This is the traditional biscuit of the ham-loving South. In days gone by, these were made by beating the dough until it blistered (about 15-30 minutes). It was then baked, and each biscuit sliced in half to receive a paper-thin slice of incredible salt cured ham. Today, you could use the food processor or a biscuit brake (usually nothing more than a converted washing wringer) to make the dough “snap.”
Preheat the oven to 450 degrees F (230 degrees C).
Sift flour, salt, baking powder, and sugar together. Use a fork to “cut” the lard into the flour until it looks like coarse meal. Using a standing mixer, or a wooden spoon, mix the dough as you slowly add the cream. Mix well to form the dough into a ball, adding water if needed.
Place the dough onto a tabletop, and knead slightly. With a mallet or a one-piece rolling pin, beat the dough a few times to form it into a rough rectangle. Fold the dough over, and then beat it out again. Repeat this process until the dough becomes white and blisters form on the surface, about 15 minutes.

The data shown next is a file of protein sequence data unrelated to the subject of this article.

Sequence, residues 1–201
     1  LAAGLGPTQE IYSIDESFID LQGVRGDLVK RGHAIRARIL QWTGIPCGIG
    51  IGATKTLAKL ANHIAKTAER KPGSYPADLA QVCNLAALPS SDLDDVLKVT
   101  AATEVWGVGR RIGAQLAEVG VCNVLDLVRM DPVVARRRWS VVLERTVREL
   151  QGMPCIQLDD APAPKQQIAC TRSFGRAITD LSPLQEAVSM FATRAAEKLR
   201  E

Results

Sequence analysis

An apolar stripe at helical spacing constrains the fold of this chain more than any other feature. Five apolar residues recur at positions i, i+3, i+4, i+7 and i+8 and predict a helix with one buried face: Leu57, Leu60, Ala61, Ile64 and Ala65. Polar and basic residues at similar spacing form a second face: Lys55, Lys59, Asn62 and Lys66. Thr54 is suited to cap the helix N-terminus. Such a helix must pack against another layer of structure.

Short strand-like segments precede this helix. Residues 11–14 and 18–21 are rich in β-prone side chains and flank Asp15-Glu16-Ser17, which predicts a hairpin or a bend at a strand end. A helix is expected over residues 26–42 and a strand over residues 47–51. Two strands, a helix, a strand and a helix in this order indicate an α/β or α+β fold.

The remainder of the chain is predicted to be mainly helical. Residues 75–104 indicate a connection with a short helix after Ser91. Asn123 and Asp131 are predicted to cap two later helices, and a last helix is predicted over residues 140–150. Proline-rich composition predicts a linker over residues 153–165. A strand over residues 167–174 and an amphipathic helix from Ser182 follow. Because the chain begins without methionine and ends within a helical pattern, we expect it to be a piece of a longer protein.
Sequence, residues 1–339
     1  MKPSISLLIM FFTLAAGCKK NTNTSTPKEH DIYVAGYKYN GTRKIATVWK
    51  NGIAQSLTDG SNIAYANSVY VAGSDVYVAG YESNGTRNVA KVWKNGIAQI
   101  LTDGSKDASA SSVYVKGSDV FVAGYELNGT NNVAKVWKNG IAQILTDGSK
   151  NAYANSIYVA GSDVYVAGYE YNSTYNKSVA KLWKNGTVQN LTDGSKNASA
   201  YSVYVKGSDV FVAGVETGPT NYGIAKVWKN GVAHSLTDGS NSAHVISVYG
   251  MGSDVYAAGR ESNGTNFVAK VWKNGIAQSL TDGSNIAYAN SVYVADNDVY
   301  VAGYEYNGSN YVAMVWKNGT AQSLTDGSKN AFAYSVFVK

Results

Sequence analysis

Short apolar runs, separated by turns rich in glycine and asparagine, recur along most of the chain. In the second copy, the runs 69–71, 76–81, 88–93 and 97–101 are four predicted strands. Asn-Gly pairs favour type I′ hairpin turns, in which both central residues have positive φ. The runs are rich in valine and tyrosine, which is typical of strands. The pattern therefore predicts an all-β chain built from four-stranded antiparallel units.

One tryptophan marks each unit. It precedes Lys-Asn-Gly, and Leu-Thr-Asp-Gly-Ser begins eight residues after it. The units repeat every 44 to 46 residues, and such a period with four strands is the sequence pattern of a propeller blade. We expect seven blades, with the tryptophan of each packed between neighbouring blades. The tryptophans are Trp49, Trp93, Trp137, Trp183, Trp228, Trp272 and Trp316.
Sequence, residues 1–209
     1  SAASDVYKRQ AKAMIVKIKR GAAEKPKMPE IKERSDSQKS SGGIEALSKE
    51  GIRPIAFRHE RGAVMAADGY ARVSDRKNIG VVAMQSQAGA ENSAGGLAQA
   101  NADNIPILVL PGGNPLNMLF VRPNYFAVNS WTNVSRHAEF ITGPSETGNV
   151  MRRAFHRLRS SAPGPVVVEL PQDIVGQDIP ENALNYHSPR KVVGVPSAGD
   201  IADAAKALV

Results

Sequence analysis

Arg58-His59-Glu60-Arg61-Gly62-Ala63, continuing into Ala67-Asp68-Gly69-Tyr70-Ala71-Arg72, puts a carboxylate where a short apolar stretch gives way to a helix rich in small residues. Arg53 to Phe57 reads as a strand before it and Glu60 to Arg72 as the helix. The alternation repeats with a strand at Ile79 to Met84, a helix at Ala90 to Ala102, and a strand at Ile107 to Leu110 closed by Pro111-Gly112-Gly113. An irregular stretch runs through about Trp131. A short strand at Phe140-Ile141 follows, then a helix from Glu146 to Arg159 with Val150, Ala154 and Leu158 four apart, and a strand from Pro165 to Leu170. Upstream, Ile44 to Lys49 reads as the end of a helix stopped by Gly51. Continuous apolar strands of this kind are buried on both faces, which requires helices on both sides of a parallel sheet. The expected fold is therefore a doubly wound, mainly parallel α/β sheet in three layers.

Roll out the dough to about 1/4 inch thick. Cut into 2 inch rounds, and prick the top a few times with the tines of a fork. Place on greased baking sheets.
Bake for 15 minutes, or until golden.
Per Serving: 67 calories; protein 1.2g; carbohydrates 8.9g; fat 2.9g; cholesterol 4.2mg; sodium 30.9mg.
The quality of the flour could make a real deal to your bread. Different brands do vary. Great taste or Canadian flours, which are bet higher in gluten, may give you a best rise than standard dough flours – especially if you’re make wholemeal bread , which doesn’t always getting bigger as well as clear bread.
To make this in a dough , add all the menus to your breadmaker and follow the makers instructions.
A bread first rising can be make in the fridge overnight . This slows down the time it takes to rise to double its size, giving it a deeper flavour. It’s also a great timesaver , as you can work it yesterday , then clear it off the next day.